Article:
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Old 04-24-2003, 09:38 AM   #1
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Low voltage-A/C

When we went camping during spring break at a state park, I experienced a low voltage situation when the A/C kicked on in the middle of the afternoon. The voltage, as measured by an analog plug in meter in an interior outlet, dropped from 120+ to the 106-108 range when the compressor came on. The park was pretty full, but the temps were around 80, not overly hot.
My question is: Is this a campground issue or a trailer issue? Could the A/C be low on freon? Would this matter? This can't be good for my cooling unit. Thoughts and advice are appreciated.
-Dave
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Old 04-24-2003, 09:56 AM   #2
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Dave.
Old campgrounds are famous for low voltage on warm or hot days.

DO NOT run your AC on low voltage. To do so can and will destroy the compressor.

Low freon level causes the AC to draw "less" current, not more.
Low voltage causes the compressor to draw "more" current."


Andy
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Old 04-24-2003, 10:08 AM   #3
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Thanks Andy,
I did turn it off when I noticed it, thanks to some earlier discussions about low voltage and its dangers (Pahaska, I think). It sounded different, that was my first clue. Voltage improved later on and I felt comfortable running the A/C, after feeling uncomfortable not running it
Good thing I recently put in a Fan-tastic Fan!
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Old 04-24-2003, 11:20 AM   #4
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Yea, this one went round and round a bit and Andy is right the old places are bad with voltages. It was most likely a campground issue and not your issue.

Too bad there isn't a good 30-50a smart ups like I use on network equipment. It not only protects against surges and total power failures, but it also augments the power if it get below 120v.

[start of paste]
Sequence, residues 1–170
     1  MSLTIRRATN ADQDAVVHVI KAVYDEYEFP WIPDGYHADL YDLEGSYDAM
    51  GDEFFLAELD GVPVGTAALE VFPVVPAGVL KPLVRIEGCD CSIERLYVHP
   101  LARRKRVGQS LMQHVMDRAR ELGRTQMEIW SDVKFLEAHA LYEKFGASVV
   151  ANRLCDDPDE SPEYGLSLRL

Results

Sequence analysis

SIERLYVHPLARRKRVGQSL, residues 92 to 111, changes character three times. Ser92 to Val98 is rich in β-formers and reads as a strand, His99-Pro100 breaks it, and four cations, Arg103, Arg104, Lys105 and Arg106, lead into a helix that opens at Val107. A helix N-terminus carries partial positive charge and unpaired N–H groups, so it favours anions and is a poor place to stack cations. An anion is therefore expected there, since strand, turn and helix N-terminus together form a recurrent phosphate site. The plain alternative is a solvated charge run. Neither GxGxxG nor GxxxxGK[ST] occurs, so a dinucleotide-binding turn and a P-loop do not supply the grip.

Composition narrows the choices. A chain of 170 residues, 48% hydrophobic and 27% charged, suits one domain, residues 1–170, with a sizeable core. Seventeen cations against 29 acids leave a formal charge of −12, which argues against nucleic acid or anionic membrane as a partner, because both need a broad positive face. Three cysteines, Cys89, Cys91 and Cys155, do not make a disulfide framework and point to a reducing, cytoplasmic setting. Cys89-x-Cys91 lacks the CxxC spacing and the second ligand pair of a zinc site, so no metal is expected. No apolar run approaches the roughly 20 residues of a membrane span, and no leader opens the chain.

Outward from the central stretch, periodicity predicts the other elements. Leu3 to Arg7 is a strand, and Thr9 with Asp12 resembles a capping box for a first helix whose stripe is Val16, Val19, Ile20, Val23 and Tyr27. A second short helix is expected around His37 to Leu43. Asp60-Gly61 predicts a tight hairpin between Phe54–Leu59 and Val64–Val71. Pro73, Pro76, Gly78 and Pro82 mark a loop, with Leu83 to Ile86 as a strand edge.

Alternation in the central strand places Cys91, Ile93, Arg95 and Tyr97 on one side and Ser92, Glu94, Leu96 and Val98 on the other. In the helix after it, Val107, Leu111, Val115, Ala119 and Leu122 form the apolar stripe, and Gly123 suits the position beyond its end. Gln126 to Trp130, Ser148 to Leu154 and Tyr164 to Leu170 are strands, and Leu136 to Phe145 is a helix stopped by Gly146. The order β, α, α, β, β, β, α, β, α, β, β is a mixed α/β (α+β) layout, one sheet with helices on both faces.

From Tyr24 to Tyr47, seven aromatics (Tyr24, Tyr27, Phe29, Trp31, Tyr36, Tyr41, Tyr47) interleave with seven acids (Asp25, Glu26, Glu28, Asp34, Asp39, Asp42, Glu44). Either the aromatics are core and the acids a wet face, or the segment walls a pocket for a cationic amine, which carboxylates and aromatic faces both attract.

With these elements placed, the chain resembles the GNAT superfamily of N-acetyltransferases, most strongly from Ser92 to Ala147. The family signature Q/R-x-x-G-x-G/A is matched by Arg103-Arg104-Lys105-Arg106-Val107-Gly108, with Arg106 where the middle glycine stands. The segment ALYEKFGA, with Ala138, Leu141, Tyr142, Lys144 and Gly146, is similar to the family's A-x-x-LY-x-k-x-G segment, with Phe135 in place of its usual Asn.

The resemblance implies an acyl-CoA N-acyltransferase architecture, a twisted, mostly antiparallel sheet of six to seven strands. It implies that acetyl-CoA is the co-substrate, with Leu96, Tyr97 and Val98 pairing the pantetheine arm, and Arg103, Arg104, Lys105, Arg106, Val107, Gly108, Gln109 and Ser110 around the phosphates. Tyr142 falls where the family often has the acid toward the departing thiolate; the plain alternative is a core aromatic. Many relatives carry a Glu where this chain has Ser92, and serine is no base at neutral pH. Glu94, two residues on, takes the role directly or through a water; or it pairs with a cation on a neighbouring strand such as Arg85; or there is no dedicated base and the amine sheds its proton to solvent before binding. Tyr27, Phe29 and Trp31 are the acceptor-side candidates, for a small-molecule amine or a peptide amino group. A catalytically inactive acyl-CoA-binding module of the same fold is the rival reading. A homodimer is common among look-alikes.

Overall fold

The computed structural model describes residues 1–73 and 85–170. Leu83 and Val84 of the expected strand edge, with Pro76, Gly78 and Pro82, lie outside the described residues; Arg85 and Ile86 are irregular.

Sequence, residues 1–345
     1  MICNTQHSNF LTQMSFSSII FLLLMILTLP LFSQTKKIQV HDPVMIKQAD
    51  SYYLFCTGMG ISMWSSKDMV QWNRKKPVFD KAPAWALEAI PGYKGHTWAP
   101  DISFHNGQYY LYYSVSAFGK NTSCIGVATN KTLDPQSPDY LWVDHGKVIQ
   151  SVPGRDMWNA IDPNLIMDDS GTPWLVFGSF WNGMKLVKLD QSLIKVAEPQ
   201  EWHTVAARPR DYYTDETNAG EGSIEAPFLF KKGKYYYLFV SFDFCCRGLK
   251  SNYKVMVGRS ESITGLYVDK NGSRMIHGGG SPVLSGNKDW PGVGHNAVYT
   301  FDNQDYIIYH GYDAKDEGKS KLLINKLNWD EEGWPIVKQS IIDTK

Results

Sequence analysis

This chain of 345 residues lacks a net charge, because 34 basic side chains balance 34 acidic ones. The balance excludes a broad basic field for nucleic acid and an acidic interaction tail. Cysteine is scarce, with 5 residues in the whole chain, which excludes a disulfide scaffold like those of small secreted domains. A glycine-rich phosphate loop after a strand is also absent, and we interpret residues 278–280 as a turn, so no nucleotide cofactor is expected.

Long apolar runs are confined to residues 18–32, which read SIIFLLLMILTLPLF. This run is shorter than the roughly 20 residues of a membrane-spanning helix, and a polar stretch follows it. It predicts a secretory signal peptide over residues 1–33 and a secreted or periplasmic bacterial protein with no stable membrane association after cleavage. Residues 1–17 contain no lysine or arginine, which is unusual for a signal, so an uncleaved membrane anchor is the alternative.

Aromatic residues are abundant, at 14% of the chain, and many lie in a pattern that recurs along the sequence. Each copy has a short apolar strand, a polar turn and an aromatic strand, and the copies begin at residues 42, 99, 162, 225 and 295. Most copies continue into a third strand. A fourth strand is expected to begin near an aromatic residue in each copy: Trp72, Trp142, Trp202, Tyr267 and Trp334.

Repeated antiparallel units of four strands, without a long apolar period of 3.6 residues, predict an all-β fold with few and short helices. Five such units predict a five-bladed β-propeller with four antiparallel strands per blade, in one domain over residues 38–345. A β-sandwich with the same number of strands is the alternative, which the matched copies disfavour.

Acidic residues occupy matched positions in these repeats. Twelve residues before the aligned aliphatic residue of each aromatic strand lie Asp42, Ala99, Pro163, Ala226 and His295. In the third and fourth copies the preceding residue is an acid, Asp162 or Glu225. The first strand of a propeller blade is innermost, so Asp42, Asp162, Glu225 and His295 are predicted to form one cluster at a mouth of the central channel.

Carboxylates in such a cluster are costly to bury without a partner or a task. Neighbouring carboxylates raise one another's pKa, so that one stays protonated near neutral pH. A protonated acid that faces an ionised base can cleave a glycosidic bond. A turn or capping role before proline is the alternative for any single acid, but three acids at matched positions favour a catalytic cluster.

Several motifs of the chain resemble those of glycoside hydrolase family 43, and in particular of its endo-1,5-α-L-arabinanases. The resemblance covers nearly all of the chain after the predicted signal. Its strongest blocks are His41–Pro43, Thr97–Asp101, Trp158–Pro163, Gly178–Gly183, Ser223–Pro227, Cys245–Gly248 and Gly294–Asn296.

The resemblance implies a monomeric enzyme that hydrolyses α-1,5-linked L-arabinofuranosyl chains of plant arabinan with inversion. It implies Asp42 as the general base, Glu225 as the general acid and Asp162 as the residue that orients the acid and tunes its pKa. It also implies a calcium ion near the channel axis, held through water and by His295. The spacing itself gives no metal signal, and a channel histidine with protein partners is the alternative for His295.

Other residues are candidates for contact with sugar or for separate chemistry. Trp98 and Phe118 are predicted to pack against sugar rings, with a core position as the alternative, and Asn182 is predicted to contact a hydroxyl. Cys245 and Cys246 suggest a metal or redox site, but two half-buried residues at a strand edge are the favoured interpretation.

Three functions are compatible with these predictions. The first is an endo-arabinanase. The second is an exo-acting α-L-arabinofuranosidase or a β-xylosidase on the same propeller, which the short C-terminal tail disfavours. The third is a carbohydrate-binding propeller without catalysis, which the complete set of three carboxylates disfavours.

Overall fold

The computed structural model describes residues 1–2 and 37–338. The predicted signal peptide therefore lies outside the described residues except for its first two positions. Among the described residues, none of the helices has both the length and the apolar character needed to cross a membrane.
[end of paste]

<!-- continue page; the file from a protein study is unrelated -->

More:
The problem is that most of these are the weight of a tank (100+ lbs for a good one).

Eric
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Old 04-24-2003, 11:43 AM   #5
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Autotransformer can help

Something from my memory of A/Sing with my parents, that at the time, seemed everyone had, was an autotransformer. This is a device that monitors the incoming line voltage and if it drops below 115, starts increasing the voltage automatically to a max of 10% above the incoming. Of course this also reduces the available current from the park power, but higher voltage means less current needs anyway. In those days, all these devices did was to increase the voltage should it drop. They made A/C operation possible in many situation where otherwise their use would have been precluded.

Well, after some searching, I have found that they are still available. Camping World sells the original device that I remember, and it has been update to include surge and spike protection. Now these are NOT cheap or light weight, but as an electrical engineer, I can tell you that they DO work as the principal is well understood and used in many places. Camping World sells 2 models, but the smaller one is simply TOO small as it is limited to 3600watts. The larger unit is a 50amp/12000 watt unit. It can suppress just over 700 joules of surge per line (surges many time are on one side only of the incoming line...so this means that unit can actually handle over 1400 joules should the surge occur on both incoming lines). This compares to most whole house units that are installed on high electronic content homes. On the spike protection side, it can handle 4500 amps per line for a total of 9000 amps. Bottomline, this unit not only can boost the incoming line to protect against brownout conditions, it also protects your A/S against spikes and surges that are all too common in RV parks (this includes lightening during storms as well). To use the unit, it plugs into the park power box and then you plug your A/S into the autotransformer

If you want to order or just look at the device, goto Camping Worlds website and them browse to the
Systems>Electrical>Surge Protectors section
and you will find it. Again, I would recommend the larger unit as it provides better protection and the ability to handle just about any load the A/S could put against it (such as full A/C, converter at full output, and a few A/C appliances such as hair dryer, electric skillet, etc).